18, 39, 43, 48-52). In the judgment cited there, file no. III. ÚS 252/04

the Constitutional Court merely stated that “[i]nsofar as Act no.

155/1995 Coll., as amended by later regulations, permits exercising

claims arising from it regardless of nationality, i.e. in connection to

permanent residence, in terms of constitutional protection the

Constitutional Court considers inequality to be unjustified only in

connection with distinguishing citizens of the Czech Republic in their

entitlements arising from social security, but not in relation to other

categories of persons.”

 

In

the submission of 25 March 2011 the head of the judicial office of the

ECJ, based on an instruction from the chairperson of the fourth chamber

of the ECJ returned the statement in question to the Constitutional

Court with the justification that “pursuant to established customs,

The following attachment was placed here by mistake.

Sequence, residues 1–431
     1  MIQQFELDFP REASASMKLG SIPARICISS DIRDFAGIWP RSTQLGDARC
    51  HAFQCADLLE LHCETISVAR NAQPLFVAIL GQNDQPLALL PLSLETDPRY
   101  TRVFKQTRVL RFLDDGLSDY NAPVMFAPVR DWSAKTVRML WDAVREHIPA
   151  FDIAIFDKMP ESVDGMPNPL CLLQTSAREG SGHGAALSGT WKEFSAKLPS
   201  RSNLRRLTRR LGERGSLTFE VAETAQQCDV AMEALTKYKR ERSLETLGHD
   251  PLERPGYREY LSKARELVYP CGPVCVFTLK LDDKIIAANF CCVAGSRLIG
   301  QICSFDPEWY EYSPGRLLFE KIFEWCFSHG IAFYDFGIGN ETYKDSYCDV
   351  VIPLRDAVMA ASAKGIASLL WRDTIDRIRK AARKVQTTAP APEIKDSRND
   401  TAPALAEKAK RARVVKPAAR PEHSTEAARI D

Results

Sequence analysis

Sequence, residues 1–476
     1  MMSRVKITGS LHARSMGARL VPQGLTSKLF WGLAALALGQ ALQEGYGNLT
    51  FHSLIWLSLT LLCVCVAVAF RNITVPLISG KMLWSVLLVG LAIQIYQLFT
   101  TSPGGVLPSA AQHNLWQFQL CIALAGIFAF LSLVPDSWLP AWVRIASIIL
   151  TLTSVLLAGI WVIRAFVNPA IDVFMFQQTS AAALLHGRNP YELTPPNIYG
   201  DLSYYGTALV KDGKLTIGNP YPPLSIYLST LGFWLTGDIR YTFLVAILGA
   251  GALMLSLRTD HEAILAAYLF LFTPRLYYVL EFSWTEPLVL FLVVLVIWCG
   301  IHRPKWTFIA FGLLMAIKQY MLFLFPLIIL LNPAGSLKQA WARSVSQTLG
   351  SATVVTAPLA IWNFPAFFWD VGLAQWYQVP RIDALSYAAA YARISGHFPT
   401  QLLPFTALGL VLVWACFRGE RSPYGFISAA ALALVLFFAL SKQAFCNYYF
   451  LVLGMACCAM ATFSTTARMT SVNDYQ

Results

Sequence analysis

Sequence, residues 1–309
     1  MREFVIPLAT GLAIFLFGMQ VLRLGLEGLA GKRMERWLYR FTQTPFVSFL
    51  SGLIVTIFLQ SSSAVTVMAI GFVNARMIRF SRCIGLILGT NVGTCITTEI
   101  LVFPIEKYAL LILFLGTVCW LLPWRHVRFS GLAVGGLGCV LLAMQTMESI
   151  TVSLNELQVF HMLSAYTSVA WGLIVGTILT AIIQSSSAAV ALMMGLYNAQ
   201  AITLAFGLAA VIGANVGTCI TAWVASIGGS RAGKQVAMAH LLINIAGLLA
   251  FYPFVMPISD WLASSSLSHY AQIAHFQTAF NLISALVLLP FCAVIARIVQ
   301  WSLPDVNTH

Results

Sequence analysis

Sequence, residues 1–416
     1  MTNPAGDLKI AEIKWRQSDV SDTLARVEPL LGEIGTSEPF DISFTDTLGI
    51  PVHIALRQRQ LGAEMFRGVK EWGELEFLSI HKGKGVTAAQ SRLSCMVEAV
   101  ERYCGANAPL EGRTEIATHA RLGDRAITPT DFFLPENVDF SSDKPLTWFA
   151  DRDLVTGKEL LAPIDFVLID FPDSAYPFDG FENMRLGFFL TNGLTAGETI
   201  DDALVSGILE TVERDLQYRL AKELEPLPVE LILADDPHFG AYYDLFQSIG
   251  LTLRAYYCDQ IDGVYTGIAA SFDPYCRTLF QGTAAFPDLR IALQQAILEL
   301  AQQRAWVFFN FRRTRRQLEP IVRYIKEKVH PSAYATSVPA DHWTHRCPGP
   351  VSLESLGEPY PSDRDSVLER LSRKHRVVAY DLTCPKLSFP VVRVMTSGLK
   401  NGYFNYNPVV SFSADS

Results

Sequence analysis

members of the ECJ do not correspond with third persons regarding cases

that have been submitted to the ECJ.”

 

In

this regard, the Constitutional Court notes that the ECJ regularly

makes use of the institution of amici curiae in proceedings on

preliminary questions, especially in relation to the European

Commission. In a situation where the ECJ was aware that the Czech

Republic, as a party to the proceeding, in whose name the government

acted, expressed in its statement a negative position on the legal

opinion of the Constitutional Court, which was the subject matter for

evaluation, the ECJ’ statement that the Constitutional Court was a

“third party” in the case at hand cannot be seen otherwise than as

abandoning the principle audiatur et altera pars.

 

 

VIII.

Review of the constitutionality of the interpretation

and application of the ordinary law relevant in the case

 

Reviewing

the constitutionality of interference by a public authority into the